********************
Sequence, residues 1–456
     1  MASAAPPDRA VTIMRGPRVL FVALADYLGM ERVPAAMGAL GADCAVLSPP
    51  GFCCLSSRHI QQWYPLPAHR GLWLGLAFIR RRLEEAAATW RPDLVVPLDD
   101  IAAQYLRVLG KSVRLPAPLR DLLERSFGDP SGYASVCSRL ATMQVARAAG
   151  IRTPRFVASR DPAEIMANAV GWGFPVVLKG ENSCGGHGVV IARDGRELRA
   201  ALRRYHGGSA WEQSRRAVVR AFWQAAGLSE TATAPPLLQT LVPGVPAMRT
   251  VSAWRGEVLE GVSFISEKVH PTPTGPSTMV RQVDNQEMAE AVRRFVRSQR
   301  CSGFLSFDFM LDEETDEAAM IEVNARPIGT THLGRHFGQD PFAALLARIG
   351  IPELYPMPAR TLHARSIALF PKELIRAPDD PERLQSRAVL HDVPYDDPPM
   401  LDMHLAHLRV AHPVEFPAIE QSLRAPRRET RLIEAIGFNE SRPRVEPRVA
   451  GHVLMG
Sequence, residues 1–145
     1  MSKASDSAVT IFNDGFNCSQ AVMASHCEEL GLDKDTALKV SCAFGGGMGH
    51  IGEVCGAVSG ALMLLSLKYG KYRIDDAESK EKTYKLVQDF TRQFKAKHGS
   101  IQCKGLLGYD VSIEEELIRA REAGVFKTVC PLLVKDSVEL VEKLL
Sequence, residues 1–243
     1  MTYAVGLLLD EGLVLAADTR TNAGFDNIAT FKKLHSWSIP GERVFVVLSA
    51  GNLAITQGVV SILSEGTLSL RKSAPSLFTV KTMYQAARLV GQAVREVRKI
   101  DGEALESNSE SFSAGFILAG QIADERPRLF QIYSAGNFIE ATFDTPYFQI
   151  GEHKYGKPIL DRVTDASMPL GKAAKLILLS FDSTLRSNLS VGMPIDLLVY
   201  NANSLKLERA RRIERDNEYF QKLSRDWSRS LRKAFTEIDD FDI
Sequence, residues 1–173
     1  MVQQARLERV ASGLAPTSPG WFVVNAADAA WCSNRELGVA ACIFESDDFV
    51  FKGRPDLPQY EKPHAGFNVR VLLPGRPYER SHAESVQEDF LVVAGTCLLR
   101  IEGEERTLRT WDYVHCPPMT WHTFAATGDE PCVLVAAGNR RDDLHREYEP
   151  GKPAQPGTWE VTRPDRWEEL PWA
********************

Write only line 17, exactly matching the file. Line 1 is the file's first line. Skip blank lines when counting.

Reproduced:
     1  MTYAVGLLLD EGLVLAADTR TNAGFDNIAT FKKLHSWSIP GERVFVVLSA